My Turn: ‘My favorite indie cinema’ and the importance of our arts organizations

  • Panelist Brenda Lett speaks during a forum following a screening of "I Am Not Your Negro" at Red River Theatres in Concord on Jan. 10, 2018. ELIZABETH FRANTZ / Monitor file photo

For the Monitor
Published: 7/16/2020 6:20:17 AM

Last month, I was laid off from my part-time job as membership coordinator at Red River Theatres, a job I’ve loved for more than 11 years. I had seen numbers grow successfully every year, from roughly 300 members to over 3,000, many of whom are now dear friends. But since mid-March, Red River has been facing its biggest challenge ever, after being forced by COVID-19 restrictions to close its doors, effectively devastating revenue from traditional sources like tickets and concessions.

I’m proud of Executive Director Angie Lane and Red River’s attempts to stay engaged with our supporters during the shutdown, mainly the creative ways that our full-time marketing and events manager, Julia Ben-Asher, also now no longer employed, created coloring pages and printable items for families with children at home, and hosted a weekly trivia competition via Facebook Live.

The cinema even joined other art houses nationwide to present new films for rental through “virtual cinema” listings, which is how Runner, the incredibly inspiring story of Guor Maker, South Sudanese refugee-to-Olympian, with all of its connections to Concord, was made available for viewing (or gifting to someone else) through July 24. Guor and the filmmaker were scheduled to appear live with the film back in April, and Runners Alley had been excited to sponsor the free screening.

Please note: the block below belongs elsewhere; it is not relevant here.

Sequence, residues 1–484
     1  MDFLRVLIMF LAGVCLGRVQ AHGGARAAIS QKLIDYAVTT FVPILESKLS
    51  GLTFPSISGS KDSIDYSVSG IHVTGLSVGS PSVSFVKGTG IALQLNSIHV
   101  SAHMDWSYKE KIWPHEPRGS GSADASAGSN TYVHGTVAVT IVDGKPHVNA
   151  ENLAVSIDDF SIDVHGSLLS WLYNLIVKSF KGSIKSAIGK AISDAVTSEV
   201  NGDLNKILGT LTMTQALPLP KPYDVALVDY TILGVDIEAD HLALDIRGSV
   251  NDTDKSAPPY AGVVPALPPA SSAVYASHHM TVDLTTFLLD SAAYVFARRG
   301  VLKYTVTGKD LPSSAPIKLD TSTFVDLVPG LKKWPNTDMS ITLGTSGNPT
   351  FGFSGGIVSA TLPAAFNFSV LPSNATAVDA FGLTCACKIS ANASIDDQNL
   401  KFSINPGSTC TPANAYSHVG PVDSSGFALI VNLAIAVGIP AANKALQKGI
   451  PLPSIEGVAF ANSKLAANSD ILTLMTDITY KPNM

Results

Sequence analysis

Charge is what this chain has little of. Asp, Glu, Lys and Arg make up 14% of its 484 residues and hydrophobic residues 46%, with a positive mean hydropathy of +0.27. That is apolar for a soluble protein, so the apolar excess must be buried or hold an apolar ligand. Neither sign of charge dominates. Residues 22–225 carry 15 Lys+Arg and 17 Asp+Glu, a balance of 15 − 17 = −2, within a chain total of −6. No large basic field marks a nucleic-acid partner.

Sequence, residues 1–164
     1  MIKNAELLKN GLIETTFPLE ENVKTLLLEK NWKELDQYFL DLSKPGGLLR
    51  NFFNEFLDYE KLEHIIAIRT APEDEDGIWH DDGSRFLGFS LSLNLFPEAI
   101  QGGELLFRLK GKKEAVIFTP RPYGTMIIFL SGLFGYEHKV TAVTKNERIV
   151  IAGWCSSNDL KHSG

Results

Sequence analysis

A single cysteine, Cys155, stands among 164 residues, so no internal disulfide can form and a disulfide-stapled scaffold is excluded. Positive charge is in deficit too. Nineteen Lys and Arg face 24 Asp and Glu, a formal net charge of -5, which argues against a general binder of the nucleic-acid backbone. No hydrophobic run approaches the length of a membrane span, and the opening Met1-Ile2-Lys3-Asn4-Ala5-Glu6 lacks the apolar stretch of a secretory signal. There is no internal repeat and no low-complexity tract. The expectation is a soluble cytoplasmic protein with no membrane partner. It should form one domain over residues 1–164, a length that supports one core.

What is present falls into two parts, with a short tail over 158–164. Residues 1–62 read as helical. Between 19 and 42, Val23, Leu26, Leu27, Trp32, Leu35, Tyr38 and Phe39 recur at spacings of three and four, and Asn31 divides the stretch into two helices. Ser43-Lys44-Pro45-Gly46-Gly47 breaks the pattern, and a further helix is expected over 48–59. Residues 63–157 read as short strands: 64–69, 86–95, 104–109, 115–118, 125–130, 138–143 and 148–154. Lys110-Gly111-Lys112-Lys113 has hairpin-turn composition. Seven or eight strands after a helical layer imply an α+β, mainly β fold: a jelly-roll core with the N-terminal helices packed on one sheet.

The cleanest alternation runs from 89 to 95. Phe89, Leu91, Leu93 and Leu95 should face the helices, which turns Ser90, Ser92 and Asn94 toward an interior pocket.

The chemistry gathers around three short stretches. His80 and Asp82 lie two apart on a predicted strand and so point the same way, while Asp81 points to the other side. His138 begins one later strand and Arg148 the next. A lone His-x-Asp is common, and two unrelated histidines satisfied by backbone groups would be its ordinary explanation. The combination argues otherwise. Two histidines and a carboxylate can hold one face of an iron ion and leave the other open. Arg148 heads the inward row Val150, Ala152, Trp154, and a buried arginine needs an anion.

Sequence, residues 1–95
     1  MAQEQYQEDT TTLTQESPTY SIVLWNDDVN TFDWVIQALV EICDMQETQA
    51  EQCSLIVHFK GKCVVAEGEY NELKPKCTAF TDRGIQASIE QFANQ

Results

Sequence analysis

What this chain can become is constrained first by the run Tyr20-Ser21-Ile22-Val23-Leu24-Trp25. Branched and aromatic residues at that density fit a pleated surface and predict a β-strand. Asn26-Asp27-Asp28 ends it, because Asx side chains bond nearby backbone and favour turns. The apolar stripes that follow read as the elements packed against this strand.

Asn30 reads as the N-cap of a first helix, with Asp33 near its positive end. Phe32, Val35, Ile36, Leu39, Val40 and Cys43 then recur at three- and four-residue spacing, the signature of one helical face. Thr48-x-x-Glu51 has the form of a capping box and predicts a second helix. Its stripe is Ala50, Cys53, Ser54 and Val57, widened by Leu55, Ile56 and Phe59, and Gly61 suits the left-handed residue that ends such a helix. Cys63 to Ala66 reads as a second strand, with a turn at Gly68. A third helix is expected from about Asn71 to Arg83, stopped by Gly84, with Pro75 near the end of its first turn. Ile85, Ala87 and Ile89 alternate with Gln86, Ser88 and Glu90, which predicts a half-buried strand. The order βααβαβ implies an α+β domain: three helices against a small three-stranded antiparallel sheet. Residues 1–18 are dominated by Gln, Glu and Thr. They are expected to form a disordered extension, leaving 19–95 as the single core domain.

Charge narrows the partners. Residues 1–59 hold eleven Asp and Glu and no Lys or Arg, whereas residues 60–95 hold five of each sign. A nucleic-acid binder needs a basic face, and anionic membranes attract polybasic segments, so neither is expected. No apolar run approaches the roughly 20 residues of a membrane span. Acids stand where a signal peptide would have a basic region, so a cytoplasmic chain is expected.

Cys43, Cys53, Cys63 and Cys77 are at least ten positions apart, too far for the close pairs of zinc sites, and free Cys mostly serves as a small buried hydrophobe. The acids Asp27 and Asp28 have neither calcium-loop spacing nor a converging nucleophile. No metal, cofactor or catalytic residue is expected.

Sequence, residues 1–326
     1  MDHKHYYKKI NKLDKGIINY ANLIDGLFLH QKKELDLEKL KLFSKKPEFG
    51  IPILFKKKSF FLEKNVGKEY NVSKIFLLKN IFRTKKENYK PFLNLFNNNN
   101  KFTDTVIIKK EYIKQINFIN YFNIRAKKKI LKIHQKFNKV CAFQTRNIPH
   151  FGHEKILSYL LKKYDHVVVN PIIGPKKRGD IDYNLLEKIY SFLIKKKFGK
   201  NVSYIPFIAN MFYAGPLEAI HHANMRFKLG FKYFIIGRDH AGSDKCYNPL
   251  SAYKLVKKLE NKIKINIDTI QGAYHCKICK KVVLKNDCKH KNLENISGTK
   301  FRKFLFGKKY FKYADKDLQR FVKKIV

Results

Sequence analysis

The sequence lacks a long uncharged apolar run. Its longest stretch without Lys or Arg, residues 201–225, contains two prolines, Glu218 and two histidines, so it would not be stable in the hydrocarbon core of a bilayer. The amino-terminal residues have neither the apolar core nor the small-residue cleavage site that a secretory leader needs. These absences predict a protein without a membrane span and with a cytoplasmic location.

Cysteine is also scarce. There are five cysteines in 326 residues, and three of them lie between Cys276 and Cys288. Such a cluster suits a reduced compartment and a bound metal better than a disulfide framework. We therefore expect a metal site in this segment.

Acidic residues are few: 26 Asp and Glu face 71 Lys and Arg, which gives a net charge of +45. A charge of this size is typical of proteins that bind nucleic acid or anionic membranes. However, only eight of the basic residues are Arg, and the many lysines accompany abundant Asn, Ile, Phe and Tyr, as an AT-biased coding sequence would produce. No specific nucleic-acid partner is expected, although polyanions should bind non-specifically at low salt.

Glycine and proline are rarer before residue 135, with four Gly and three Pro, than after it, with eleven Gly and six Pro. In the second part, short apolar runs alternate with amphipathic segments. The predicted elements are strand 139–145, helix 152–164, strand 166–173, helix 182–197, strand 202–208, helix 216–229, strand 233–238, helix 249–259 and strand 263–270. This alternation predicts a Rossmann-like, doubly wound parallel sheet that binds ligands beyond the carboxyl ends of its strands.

Alas, between the disconnect of a demographic of supporters mostly ages 50 to 70 and the expectation and necessity to be on social media or “stream” programs, the cost of which was divided with a distributor, Red River did not even approach replacing traditional avenues for income.

Similar stories abound across the state. Arts organizations are in trouble, their leaders now having to turn into overnight experts on hastily assembled special programs and rescue loans. Theater companies are among the hardest hit, with studio spaces they worked tirelessly to create now becoming financial burdens they struggle to maintain. Over 90 days since the shutdown, with salary support running out and nothing to quell uncertainty over re-opening, staff reductions and unemployment filings are evidently the norm, and my position was among those eliminated.